The evil imaginations of their minds know no limits (Psalm 73:7). And we cannot fathom such callousness that breeds unthinkable tragedy.

With David we want to pray:

“Repay them for their deeds and for their evil work; repay them for what their hands have done and bring back upon them what they deserve” (Psalm 28:4). 

“Break the arm of the wicked and evil man; call him to account for his wickedness” (Psalm 10:15). 

But your Son taught a different way—a way that disarms hatred from growing in our own spirits:

 

 

“You have heard that it was said, Love your neighbor and hate your enemy. But I tell you: Love your enemies and pray for those who persecute you” (Matthew 5:43-44).

Thank you for reminding us that enemies often carry pain of their own.

 

 

And so, as best we know how, Heavenly Father, we pray your Word over those misguided individuals who inflict terror. Remove their hearts of stone set on evil ways, and give them tender, responsive hearts, anxious to follow your ways (Ezekiel 11:19-20).

We pray they would constantly be exposed to truth through what they see and hear—even in their dreams (Job 33:14-18).

 

 

We pray for enlightenment, that the lies of the deceiver would be exposed (John 8:44).

And we pray unmistakable God-incidents would draw them to you, and they would recognize the One behind the miracles–like Naaman of Old Testament times.   When he was instantaneously healed of terminal leprosy, he said: “I now know beyond a shadow of a doubt that there is no God anywhere on earth other than the God of Israel” (2 Kings 5:15 MSG). May those who have perpetrated terror or are even now planning an attack, come to the same conclusion by the influence of your Spirit.

 

 

“Let them know that you, whose name is the Lord—that you alone are the Most High over all the earth” (Psalm 83:11), that your soul hates the wicked and the one who loves violence (Psalm 11:5 ESV).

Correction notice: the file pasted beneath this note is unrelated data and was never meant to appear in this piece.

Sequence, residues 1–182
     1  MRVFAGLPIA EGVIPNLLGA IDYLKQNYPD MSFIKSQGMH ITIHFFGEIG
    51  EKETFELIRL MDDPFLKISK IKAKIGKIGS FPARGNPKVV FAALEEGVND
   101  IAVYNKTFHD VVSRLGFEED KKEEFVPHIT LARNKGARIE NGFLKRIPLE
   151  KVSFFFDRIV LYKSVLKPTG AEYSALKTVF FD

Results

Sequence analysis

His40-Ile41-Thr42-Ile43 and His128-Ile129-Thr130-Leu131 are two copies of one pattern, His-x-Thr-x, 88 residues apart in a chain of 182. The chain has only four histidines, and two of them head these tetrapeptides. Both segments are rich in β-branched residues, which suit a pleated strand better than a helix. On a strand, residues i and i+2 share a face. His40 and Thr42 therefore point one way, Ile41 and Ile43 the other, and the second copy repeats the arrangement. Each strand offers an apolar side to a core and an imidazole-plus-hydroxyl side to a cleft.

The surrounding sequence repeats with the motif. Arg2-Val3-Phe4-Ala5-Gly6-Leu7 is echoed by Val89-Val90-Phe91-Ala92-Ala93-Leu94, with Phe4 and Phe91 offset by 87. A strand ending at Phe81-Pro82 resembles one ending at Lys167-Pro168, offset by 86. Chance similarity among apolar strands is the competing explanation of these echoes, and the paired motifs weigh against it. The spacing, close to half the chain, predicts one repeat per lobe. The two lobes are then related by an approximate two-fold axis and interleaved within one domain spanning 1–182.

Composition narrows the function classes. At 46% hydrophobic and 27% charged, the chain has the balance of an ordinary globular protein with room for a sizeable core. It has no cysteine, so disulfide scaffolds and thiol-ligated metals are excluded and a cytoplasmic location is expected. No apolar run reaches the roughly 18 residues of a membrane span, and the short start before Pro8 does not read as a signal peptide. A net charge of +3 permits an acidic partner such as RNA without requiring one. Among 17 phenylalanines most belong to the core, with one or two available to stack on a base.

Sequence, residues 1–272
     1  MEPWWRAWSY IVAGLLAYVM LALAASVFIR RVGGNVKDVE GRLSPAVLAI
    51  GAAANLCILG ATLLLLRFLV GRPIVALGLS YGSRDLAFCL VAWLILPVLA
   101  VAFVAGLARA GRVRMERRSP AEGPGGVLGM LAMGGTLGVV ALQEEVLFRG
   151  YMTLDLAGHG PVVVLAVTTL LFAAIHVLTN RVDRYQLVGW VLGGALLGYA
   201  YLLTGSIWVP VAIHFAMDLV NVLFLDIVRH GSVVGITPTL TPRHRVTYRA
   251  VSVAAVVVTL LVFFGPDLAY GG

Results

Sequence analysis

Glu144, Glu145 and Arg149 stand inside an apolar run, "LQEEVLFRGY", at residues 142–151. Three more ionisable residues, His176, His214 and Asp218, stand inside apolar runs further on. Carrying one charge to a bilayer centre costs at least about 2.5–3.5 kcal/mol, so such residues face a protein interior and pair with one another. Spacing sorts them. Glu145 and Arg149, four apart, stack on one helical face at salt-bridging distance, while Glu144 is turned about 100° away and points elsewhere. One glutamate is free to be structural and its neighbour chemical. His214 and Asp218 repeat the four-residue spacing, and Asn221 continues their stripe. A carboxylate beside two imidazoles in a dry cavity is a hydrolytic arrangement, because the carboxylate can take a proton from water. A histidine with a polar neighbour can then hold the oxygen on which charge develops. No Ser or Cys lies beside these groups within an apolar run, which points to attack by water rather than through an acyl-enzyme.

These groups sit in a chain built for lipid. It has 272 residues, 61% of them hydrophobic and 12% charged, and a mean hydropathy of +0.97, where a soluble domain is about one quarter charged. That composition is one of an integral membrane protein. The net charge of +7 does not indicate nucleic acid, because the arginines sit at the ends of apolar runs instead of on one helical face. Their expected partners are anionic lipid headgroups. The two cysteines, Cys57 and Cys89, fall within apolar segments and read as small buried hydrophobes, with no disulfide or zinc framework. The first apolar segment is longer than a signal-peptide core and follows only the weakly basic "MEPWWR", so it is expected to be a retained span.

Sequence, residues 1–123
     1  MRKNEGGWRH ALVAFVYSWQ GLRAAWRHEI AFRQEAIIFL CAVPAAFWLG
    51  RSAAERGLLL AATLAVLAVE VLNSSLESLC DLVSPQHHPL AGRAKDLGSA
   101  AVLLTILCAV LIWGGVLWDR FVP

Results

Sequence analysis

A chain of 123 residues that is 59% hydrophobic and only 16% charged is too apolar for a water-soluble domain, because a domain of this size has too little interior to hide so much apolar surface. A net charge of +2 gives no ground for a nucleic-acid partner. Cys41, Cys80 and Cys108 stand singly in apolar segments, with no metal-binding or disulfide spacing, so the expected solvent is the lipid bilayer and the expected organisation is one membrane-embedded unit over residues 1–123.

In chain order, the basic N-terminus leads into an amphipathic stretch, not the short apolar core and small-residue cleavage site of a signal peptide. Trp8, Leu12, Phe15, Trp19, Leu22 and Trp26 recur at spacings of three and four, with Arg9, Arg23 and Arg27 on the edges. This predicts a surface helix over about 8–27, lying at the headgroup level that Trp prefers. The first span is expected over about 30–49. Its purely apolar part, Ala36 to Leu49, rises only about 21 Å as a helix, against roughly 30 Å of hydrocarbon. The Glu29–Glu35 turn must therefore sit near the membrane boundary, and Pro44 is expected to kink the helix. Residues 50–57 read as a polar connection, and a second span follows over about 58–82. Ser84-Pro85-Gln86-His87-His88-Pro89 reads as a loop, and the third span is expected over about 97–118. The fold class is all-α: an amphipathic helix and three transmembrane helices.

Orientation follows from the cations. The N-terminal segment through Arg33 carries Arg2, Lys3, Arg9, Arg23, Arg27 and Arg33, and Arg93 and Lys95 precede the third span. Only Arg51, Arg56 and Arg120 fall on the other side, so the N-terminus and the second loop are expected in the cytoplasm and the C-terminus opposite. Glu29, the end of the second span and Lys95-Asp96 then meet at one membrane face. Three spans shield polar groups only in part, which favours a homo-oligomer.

Last, we pray you thwart the efforts of those who plan vile destruction. Again, “Bring to an end the violence of the wicked and make the righteous secure” (Psalm 7:9).

We do praise you, O God, that in spite of the apparent madness, you are in control (I Chronicles 29:11-12). Such comforting truth! In addition, no purpose of yours can be thwarted (Job 42:2). Such reassuring affirmation! And you will use for good what misguided men intend for evil (Genesis 50:20-21). Such splendorous hope!

 

 

In the powerful name of Jesus, we pray all of these things for your honor and glory, Amen!

 

(Art & photo credits:  http://www.wikimedia.com (2); http://www.pxhere.com; http://www.canva.com; http://www.wikimedia.com; http://www.canva.com (2); http://www.heartlight.org.)

 

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Some believe that indulging in memories is a waste of time, that past events have no meaning for the present. But nothing could be further from the truth— especially if we acknowledge God’s part in those events.

When we include God in our remembering: